Reversing age-related impairment of myelin repair - a novel therapy for MS

Project: Research

Project Details

Project Description

In multiple sclerosis (MS), chronic demyelination initiated by immune-mediated destruction of myelin, leads to axonal damage and neuronal cell death, resulting in a progressive decline in neurological function. Myelin regeneration, or remyelination, involves the generation of new myelin-forming oligodendrocytes from progenitor cells. A major impediment to myelin repair in patients with chronic MS is age-related impairment in remyelination capacity. The development of therapies that reverse the age-related decline in remyelination would be of major therapeutic benefit to MS patients.

CIA Merson has demonstrated that myelin can be regenerated from either of two distinct types of progenitor cells, namely, neural precursor cells (NPCs) residing in the subventricular zone, and oligodendrocyte progenitor cells (OPCs). In this project we will investigate the effect of ageing upon the remyelination capacity of both NPCs and OPCs and assess the potential therapeutic benefit of interventions designed to rejuvenate the remyelination process.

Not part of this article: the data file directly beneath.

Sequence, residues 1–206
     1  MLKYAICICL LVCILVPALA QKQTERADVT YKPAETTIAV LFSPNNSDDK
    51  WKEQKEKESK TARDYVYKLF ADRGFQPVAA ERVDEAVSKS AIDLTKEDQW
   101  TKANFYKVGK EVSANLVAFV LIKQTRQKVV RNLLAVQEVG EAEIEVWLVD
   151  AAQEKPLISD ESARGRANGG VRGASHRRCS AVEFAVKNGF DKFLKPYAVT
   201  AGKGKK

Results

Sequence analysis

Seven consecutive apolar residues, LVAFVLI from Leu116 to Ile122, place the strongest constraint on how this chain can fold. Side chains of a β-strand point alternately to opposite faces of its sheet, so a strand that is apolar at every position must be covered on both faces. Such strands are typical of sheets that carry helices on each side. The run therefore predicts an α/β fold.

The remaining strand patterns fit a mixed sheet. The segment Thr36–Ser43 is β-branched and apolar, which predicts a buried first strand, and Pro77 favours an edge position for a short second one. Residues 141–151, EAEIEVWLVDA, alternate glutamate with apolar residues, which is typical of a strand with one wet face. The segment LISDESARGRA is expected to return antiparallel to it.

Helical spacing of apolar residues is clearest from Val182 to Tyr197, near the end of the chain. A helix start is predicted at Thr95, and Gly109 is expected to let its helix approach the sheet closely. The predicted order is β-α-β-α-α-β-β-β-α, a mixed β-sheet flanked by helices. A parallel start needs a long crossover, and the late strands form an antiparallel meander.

The project will address the following aims:

1. Establish whether ageing has differential effects on the capacity of NSCs or OPCs to remyelinate the brain after a demyelinating insult
2. Reveal how ageing influences gene expression and chromatin accessibility in OPCs and NSCs during remyelination
3. Examine whether partial reprogramming of NSCs or OPCs in aged mice can rejuvenate their capacity for efficient remyelination

The outcomes of this project will reveal the effect of age upon the remyelination capacity of OPCs versus NPCs and establish whether the age-associated decline in remyelination capacity can be reversed. The results of the project will inform the development of new therapeutic interventions to treat MS.
Effective start/end date1/01/2131/12/24


  • multiple sclerosis (MS)
  • Remyelination
  • Oligodendrocytes
  • neural stem cell
  • Demyelination